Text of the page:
Augmented RealityMarketingRetail & E-Commerce

Augmented Reality and Gamification in Marketing and Retail

Gamification – the corporate buzzword of the 2000s gets a new meaning thanks to augmented reality.

Before augmented reality, gamification was a vague concept: all the companies were trying to do it, but nobody was sure if they got it right. As a theoretical concept, gamification is great: it means making boring activities, such as shopping for groceries, seem fun by adding a certain note of playfulness to them.

Top brands could bet on celebrity endorsements, and proprietary cartoon characters animated in PC and mobile games. But the level of engagement and interaction was still at the level of mild enthusiasm. Customers did not feel like true participants in the game and the emotional rewards were limited.


See Also:  How Can Small Businesses Use Augmented Reality Technology?


However, augmented reality changed all that. For the first time, customers felt in full control of the interaction. As active participants, they could reinvent the real-life environment, try various combinations before making a choice, and unlock hidden rewards.


The Summer When Pokémon GO Ruled the World

Augmented Reality and Gamification Pokemon Go

We will all remember the summer of 2016 – when everyone walked around looking at their mobile phone screen and trying to capture Pokémon GO characters. Many retailers saw this über-popular game as a huge opportunity to attract customers to their store, by becoming sponsored locations and offering discounts to the players of this engaging augmented reality game.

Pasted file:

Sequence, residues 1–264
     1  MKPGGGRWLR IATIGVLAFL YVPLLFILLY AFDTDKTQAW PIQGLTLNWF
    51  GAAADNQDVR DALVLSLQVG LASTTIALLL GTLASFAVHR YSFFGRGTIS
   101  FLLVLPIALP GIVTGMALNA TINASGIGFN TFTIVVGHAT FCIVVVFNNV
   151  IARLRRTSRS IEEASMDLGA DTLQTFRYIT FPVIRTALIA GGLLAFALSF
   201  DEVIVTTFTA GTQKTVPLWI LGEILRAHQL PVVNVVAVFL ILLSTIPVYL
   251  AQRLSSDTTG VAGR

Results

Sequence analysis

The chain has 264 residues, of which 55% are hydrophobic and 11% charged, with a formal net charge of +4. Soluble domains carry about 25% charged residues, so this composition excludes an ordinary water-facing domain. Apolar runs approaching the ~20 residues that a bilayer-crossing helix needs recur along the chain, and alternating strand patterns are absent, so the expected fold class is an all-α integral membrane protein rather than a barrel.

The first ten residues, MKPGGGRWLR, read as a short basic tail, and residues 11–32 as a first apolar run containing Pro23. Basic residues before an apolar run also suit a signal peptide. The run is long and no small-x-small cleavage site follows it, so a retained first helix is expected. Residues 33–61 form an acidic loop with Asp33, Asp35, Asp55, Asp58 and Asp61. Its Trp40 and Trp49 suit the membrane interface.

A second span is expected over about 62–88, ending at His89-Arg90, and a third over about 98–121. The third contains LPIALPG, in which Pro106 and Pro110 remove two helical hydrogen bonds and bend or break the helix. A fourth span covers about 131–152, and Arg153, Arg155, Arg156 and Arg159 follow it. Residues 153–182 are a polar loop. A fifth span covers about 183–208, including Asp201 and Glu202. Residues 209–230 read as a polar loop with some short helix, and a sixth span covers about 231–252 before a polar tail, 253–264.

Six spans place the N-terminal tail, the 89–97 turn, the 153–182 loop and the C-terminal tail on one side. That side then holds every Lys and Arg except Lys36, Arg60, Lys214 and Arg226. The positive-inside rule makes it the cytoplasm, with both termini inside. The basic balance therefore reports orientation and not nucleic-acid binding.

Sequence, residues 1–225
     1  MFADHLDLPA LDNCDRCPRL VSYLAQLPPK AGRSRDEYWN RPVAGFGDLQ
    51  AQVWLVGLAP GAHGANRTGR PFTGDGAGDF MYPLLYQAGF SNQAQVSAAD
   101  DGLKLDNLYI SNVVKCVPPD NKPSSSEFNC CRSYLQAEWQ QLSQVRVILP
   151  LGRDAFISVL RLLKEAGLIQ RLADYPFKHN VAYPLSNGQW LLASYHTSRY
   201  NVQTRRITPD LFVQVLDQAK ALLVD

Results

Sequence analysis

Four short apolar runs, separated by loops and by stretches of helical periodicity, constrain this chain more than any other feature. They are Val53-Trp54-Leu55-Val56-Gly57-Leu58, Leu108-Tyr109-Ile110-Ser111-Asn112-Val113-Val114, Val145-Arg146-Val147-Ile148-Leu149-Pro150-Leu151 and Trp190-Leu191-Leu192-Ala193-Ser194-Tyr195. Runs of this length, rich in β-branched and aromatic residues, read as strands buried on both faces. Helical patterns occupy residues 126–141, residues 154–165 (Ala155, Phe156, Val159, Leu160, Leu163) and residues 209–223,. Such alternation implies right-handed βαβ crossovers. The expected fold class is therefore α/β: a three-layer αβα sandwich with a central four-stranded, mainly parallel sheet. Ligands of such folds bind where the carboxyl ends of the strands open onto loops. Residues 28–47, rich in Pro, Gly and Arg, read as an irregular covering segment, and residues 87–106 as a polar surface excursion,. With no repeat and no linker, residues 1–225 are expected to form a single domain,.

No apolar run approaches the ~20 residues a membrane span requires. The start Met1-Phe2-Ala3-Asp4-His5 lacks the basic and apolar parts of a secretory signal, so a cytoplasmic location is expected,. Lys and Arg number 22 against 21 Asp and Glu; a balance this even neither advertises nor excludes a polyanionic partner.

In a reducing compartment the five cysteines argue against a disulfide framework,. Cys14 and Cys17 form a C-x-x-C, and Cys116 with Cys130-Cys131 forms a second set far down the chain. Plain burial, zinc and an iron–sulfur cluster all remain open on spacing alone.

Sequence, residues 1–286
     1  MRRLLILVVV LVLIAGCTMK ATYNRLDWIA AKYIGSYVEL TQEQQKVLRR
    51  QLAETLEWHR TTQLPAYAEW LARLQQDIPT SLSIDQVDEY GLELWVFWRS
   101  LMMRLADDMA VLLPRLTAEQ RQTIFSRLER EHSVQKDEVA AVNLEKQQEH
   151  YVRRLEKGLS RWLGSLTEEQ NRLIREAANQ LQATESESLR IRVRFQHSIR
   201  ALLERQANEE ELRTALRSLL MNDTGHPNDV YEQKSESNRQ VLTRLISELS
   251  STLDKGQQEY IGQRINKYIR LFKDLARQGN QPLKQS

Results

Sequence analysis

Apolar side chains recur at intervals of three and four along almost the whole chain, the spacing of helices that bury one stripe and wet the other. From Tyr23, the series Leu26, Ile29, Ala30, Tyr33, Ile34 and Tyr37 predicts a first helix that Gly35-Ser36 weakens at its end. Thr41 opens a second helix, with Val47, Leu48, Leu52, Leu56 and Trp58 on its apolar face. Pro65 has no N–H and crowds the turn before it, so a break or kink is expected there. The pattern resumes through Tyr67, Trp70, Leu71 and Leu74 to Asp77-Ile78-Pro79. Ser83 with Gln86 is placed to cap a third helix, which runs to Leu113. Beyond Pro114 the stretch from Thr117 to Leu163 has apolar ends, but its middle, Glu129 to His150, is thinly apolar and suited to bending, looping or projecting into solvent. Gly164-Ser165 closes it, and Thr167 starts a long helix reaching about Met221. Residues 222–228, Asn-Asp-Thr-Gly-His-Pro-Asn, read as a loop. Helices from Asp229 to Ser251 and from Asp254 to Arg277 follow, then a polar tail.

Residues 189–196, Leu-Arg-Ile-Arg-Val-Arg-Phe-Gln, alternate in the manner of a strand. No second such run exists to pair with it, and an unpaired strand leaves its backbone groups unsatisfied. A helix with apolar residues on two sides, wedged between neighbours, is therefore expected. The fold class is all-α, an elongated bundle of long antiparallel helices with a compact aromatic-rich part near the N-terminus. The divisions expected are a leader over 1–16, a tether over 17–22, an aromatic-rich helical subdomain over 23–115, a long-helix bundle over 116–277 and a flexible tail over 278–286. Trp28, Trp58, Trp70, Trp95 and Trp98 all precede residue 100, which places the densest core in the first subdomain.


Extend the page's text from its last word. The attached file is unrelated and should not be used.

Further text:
Over 35,000 stores have joined the game by 2017, attracting around 500 million visits during this one-year period. One of the participants took things even further: Starbucks launched a special beverage, The Pokémon GO Frappuccino.


Mirror, Mirror on the Wall…

The game of trying on clothes was never really fun in large stores. There was always a large queue of people waiting and grumbling. Customers felt self-conscious and the lighting of the changing booths was never flattering.

Augmented reality mirrors, like the one installed in Macy’s store, have made the process of shopping for clothes really fun, for the first time ever. Customers are encouraged to try as many combinations of outfits as they want, and test the same product in various colors. What’s more, the mirror assesses their size correctly and recommends only items in stock in the right size.


Freedom of Choice Means Freedom to Shop More

After the first augmented reality shopping apps were launched, brands learned a valuable lesson: the more items they add to the app, the more their customers are willing to buy. There is nothing more engaging than the game of testing various products free from the commitment of buying them.

And the customer doesn’t even have to leave their house. On the contrary, they can virtually arrange holographic items, interact with them and make an informed choice. As the variety of products they can buy grows, so does the emotional gratification – and the number of items checked out through the online payment gateway.


See Also:  Augmented Reality Shopping: 10 Examples of Augmented Reality in Retail


Brand Stories Come to Life under the Customers’ Eyes

There is no doubt that brand stories are the strongest marketing tool for creating customer loyalty. Years ago, brands used to write their stories. Then, they started making videos. With augmented reality available to them, top brands, such as MTV and AMC Theaters, have started getting their customers involved in the brand story, and inviting them to interact through AR apps and understand the mission statement and the values the brand stands for.

Undoubtedly, marketing specialists and retail brands will continue to develop new avenues in which augmented reality and gamification work together to create exciting experiences for customers, reinforce the brand image and drive more sales. After all, this cutting edge technology is all about creating new possibilities and pushing the limits of reality.


the authorARPost